Thats right! Now, according to an exclusive that I just read on Techcrunch: "YouTube is trying to convince them that love is better than war by giving them a cut of advertising revenues from their videos that appear on YouTube, regardless of who put them there."
According to Techcrunch, industry analysts have suggested that this program/model may soon be expanded to additional big media partners in 2009. Youtube declined to comment on future revenue strategies and plans.
Youtube already confirms that only a few media partners like CBS are able to sell video advertising inventory. Not only does CBS have the ability to directly sell and monetize video assets that appear in their channel, they are also able to monetize video views on videos that are identified by YouTube, as CBS copyrighted. More specifically, CBS can monetize videos that are upload by users and picked up by YouTubes's Content ID system. This Content ID system can identify copyright material users upload and quickly removes it from the video sharing site or allows the content to remain live and run advertising against it.
We already have seen that the job of monetizing Youtube has been a challenging one for many reasons. Hulu, a site that launched to the public only 10 months ago (March 2008), and isn't even available worldwide like Youtube, is already expected to match Youtube's revenues in 2009. Here is a simple graph to show how remarkable that is:
- Funny side note here. I first tried to do the graph using Google trends, and guess what site they wont show the traffic for.. Yup, Youtube ;-)
Why do I find that funny? - Google's official mission statement:
"Google's mission is to organize the world's information and make it universally accessible and useful."
Hey, Id be a bit embarrassed as well. Besides, I suppose it is their information and not the world's I digress...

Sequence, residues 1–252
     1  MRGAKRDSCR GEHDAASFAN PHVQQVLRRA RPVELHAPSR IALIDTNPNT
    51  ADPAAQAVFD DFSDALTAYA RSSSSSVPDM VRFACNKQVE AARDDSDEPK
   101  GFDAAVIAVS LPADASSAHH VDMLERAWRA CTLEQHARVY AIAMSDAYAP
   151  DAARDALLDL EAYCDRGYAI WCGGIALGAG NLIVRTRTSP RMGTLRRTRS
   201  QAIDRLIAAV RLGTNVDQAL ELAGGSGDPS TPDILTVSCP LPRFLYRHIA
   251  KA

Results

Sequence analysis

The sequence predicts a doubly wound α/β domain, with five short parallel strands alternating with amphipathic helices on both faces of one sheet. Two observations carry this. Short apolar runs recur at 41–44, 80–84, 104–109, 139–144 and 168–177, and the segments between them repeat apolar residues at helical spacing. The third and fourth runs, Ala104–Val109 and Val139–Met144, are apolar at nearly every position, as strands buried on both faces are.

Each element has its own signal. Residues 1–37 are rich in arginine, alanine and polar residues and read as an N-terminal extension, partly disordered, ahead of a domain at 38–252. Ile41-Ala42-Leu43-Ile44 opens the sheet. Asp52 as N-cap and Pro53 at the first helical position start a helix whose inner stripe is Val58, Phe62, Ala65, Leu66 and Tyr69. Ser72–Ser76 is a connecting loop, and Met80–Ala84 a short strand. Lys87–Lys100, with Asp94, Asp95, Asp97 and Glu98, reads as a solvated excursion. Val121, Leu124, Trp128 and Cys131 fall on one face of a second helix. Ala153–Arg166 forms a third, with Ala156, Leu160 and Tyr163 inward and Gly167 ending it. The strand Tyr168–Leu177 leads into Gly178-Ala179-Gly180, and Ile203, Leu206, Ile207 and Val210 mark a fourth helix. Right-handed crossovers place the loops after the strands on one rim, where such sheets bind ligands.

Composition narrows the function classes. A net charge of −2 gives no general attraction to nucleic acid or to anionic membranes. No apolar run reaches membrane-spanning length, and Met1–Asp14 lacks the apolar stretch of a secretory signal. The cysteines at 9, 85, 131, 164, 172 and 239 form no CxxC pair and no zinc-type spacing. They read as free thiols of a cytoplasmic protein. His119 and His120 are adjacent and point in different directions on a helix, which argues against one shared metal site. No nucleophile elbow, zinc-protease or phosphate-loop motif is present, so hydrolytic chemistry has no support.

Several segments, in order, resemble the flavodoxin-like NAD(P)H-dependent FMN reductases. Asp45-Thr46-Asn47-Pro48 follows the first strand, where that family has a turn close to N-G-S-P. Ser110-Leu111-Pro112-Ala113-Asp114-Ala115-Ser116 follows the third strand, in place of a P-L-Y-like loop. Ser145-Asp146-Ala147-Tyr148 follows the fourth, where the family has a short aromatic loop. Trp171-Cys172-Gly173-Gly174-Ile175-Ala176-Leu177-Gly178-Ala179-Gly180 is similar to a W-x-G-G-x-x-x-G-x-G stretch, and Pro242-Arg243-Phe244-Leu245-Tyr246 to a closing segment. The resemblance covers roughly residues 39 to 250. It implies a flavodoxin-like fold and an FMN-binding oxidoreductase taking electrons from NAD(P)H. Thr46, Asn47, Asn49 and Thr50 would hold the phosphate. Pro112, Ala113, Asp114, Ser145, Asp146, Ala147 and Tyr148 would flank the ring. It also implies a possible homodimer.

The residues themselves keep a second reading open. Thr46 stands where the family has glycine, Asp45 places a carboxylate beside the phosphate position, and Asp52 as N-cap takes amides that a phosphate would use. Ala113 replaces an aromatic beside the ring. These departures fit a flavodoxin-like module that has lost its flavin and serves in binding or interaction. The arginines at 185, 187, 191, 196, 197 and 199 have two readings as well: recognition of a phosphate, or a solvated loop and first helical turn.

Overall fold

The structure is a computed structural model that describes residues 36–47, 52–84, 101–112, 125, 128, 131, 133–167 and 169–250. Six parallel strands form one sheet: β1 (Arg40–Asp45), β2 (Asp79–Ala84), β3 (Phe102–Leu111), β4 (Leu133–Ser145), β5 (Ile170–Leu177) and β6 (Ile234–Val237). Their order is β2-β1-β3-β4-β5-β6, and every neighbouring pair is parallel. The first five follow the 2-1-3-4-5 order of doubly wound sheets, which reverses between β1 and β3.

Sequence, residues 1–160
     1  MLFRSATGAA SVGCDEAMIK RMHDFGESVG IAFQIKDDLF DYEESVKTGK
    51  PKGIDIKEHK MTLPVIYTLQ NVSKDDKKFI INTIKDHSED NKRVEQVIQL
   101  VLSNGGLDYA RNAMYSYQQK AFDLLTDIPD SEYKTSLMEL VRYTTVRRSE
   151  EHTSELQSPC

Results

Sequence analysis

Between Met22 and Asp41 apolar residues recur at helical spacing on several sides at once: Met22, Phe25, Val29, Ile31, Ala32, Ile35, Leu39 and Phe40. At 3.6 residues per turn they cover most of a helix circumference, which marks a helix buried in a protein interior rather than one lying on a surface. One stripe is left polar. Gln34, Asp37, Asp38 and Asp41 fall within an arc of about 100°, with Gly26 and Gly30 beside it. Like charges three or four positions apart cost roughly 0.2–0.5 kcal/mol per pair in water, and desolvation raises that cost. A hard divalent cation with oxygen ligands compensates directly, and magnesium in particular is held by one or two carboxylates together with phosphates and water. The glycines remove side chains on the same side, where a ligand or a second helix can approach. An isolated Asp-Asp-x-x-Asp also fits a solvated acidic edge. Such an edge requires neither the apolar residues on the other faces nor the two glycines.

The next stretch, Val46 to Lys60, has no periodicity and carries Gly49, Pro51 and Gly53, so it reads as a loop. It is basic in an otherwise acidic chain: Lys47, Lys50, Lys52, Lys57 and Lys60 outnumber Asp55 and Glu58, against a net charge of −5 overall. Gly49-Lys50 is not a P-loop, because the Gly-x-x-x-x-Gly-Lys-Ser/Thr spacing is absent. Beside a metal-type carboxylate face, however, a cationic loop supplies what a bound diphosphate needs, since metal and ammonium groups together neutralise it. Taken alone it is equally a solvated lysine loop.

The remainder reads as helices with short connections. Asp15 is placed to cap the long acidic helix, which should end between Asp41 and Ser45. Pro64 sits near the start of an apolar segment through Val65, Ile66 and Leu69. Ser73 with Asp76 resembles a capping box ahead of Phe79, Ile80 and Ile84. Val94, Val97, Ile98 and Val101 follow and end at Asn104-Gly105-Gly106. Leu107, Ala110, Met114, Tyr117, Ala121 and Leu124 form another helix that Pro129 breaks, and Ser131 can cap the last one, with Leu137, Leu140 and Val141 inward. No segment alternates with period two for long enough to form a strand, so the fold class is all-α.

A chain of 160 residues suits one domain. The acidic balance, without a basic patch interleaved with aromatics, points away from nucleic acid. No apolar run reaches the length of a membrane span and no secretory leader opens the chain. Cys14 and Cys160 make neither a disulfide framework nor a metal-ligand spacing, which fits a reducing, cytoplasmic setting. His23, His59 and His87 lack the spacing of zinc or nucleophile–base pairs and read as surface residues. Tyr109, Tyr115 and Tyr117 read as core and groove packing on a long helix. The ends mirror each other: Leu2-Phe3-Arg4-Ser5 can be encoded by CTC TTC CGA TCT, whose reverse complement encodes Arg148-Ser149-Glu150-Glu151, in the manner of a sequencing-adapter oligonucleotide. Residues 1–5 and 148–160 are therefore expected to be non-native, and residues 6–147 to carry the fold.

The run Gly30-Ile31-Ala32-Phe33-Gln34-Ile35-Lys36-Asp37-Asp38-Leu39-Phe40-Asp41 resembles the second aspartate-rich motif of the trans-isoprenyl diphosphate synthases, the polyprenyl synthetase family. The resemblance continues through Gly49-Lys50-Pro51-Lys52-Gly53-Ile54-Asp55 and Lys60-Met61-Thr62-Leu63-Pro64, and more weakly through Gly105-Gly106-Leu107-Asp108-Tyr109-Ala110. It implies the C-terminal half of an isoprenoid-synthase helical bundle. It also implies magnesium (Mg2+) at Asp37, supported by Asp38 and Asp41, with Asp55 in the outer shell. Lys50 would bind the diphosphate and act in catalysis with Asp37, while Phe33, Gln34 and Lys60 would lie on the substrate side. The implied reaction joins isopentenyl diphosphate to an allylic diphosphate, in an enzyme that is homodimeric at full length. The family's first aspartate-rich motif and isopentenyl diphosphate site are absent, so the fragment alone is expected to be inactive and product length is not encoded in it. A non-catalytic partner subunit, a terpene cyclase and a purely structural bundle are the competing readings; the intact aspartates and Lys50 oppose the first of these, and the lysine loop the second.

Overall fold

Why is this Significant:
I think that it is fair to state that the overwhelming consensus in the industry is that most advertisers are not yet ready to embrace video advertising on what is primarily, user-generated content. Additionally of course, there are several other reasons:
- Ad Formats: Youtube runs overlays, not in-stream pre-rolls, mid-rolls, post-rolls, etc.... (with very few exceptions) Many advertisers have existing digital assets created for cable and broadcast television. These lend themselves well to in-stream advertising and the advertisers and media agencies placing buys for video advertising are lazy! Just kidding, well not-altogether. That being said, when the creative is already there, it makes sense to utilize it.
- Branding and Effectiveness: Advertisers are not only more acquainted with in-stream advertising formats, requirements, etc...., but they tend to feel that in-stream ads offer more prominent branding. I could write a whole post about this but in all honesty, they are right, and they are wrong. Perception is reality.
- Short-form content: As a great post on CrunchGear summarizes: "YouTube, as you're all painfully aware, is primarily comprised of short videos of guys falling off their skateboards (embedded here), dudes playing video game songs on the piano and illegal Seinfeld clips.
And there are of-course other reasons related to sales force, audience demographics, attention span, etc...
None-the-less, YouTube seems to be more open these days to embracing other models and this will certainly help. Can you blame 'em? How much did Google pay again? $1.6Billion?